- Apple is preparing to celebrate the 10-year anniversary of its first iPhone by launching two new upgrades and a redesigned headset, but supply chain problems may delay the launch, Bloomberg reported Tuesday.
- In particular, Bloomberg notes there may be a shortage of organic light-emitting diode (OLED) screens, which are essential for modern smartphone technology. A month or two delay is unlikely to affect Apple, yet it's rare that the technology superstar finds itself on the short end of the supply chain.
- Apple's OLED supplier, Samsung Display, seemingly does not have enough to supply the iPhone and its own parent company, which is rolling out the competing Samsung S8 product line this year.
Much has been written about Samsung's curious relationship with Apple, but it is unlikely the shortage is deliberate as the Samsung OLED supplier and phone-making subsidiary operate independently.
However, supplier-buyer relations may have come into play as, when faced with a shortage condition, suppliers must often work with and prioritize buyers to mitigate losses. As a state-owned South Korean conglomerate, Samsung is known to keep a tight control on its supply chain, so it would be unsurprising if the standard was to prioritize the Korean company's smartphones.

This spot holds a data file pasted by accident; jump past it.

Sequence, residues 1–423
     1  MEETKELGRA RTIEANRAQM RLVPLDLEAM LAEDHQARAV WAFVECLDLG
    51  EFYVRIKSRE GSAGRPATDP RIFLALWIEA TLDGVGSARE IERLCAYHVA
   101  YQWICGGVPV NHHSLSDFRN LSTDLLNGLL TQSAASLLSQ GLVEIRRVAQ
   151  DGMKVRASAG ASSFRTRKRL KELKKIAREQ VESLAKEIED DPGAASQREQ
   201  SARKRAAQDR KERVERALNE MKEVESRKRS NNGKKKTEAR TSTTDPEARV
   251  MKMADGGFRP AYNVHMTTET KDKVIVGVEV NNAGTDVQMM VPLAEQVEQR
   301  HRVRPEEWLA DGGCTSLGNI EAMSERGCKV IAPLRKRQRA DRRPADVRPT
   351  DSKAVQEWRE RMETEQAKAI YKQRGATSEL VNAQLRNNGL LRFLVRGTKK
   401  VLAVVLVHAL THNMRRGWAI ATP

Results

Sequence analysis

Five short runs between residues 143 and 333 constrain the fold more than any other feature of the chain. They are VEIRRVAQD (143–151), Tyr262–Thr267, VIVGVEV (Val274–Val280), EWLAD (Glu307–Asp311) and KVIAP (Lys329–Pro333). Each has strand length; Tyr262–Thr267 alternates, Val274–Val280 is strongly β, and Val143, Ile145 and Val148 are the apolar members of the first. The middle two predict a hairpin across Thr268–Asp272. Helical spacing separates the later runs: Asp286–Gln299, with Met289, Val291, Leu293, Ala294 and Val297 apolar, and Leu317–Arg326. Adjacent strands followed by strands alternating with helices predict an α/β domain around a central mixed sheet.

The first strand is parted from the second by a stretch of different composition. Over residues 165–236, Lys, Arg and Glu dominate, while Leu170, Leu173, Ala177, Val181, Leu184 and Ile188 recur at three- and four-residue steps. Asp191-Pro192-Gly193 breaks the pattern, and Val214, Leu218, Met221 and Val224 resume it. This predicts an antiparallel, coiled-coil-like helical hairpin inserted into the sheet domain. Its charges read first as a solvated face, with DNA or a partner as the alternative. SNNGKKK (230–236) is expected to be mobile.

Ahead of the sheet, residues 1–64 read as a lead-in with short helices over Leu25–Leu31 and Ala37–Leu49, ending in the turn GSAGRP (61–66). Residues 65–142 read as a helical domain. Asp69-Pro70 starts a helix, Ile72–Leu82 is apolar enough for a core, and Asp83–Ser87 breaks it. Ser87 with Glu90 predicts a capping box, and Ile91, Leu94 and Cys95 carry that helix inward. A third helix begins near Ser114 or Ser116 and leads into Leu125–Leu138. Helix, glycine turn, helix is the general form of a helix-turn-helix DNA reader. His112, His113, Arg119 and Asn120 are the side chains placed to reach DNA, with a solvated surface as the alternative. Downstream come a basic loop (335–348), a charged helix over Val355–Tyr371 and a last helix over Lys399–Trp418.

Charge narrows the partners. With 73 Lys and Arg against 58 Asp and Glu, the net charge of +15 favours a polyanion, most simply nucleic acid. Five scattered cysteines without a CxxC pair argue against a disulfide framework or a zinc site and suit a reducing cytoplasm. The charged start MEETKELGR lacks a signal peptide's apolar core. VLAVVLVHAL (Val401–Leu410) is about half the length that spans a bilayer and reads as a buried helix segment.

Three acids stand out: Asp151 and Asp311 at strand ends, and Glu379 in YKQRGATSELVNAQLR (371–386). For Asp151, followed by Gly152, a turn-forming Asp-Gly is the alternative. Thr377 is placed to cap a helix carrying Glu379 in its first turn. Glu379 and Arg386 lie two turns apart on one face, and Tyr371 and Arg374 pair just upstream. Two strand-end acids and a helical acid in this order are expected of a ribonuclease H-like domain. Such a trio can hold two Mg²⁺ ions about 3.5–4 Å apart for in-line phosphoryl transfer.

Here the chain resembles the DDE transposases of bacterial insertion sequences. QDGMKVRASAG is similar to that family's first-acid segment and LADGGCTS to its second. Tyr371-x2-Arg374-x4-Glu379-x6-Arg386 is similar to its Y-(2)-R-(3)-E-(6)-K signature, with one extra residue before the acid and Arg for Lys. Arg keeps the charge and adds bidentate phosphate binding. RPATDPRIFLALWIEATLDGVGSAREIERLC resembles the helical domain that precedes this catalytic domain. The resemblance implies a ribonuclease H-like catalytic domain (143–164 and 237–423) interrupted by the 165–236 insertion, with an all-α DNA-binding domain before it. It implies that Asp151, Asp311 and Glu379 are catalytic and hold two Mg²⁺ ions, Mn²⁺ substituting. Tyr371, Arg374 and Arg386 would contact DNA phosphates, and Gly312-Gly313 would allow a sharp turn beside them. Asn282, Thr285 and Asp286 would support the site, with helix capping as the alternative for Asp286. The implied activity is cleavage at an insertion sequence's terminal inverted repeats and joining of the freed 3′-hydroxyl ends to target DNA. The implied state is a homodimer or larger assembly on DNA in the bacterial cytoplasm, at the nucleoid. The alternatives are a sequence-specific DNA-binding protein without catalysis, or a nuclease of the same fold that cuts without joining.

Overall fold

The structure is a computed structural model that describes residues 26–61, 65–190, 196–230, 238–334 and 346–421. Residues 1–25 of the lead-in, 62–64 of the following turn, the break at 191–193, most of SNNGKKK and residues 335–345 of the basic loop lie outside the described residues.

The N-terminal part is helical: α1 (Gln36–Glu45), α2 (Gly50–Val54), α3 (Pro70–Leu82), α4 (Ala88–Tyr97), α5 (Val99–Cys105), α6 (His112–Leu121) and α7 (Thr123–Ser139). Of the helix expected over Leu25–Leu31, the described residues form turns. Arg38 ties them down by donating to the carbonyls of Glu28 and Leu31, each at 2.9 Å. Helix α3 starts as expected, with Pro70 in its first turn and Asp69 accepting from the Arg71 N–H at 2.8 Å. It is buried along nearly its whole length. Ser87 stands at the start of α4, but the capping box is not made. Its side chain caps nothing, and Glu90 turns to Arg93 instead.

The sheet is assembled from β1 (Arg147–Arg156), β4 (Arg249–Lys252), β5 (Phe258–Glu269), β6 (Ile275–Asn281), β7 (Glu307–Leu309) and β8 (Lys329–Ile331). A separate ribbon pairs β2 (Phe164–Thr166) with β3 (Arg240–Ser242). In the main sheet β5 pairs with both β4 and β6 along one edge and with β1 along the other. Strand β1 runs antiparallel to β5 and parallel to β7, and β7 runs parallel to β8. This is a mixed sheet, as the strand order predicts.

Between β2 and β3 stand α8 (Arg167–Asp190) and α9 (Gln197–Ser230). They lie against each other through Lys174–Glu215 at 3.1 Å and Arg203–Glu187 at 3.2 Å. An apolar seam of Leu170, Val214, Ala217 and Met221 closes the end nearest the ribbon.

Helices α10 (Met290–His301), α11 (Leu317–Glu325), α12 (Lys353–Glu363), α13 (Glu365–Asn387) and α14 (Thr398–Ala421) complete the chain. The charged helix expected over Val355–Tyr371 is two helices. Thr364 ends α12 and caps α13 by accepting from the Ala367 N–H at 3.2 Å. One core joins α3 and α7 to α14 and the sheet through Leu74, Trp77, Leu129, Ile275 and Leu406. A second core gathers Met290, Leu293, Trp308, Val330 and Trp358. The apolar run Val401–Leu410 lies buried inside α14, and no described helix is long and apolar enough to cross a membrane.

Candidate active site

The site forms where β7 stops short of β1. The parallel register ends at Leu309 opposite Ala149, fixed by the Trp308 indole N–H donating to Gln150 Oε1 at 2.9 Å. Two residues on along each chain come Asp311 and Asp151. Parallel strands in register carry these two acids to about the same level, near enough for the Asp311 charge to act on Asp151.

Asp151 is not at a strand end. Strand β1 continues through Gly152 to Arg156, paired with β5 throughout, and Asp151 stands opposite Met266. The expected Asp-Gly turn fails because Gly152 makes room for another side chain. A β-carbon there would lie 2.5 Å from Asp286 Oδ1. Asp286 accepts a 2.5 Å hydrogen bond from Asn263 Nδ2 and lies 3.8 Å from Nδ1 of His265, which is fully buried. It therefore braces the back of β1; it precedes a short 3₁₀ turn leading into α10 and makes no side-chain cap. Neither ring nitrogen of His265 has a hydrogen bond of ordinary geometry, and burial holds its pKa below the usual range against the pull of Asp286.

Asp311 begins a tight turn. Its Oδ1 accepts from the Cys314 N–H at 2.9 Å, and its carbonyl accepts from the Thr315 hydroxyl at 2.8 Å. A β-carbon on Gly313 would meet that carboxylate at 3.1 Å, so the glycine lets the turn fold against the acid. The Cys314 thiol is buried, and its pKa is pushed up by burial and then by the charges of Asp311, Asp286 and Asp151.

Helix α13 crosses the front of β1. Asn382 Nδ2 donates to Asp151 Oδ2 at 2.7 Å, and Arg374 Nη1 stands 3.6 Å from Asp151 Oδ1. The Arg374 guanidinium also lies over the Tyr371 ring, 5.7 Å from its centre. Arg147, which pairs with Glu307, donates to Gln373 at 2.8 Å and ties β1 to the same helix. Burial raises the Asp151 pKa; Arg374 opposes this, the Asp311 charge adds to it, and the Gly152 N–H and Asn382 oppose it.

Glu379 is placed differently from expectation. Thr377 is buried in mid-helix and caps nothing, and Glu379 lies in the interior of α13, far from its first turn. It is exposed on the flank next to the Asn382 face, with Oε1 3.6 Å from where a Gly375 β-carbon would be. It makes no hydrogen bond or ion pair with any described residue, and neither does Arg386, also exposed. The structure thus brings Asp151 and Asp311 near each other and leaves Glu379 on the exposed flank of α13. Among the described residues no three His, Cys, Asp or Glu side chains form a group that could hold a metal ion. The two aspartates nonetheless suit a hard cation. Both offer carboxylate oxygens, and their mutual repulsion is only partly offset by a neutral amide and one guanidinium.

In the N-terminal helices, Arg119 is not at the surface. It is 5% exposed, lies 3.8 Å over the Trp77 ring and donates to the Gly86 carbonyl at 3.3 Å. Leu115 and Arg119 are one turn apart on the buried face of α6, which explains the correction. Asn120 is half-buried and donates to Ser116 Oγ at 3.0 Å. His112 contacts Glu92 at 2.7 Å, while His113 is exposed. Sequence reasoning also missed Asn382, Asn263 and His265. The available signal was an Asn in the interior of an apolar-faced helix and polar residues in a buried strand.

That was a risk Apple accepted when signing contracts with its rival's upstream supplier. However, Apple is earning a reputation as a bit of a supply chain bully. Between dropping Imagination Technologies amidst an alleged desire to make its own graphics-capable chips to its current fight with Qualcomm over intellectual property and pricing, the proliferation of Apple-generated conflicts seems to be growing.
Yet, within the supply chain, a collaborative rather than combative relationship between manufacturers and suppliers is believed to be most effective. Shared goals, equal profits, and even mutual strategizing can bring big benefits to both.
Any company dependent on a single buyer takes on significant risk each contract, greater partnership may help mitigate this risk. Or, lone wolves like Apple could continue to alienate suppliers and risk further disruptions when non-dependent suppliers choose other priorities.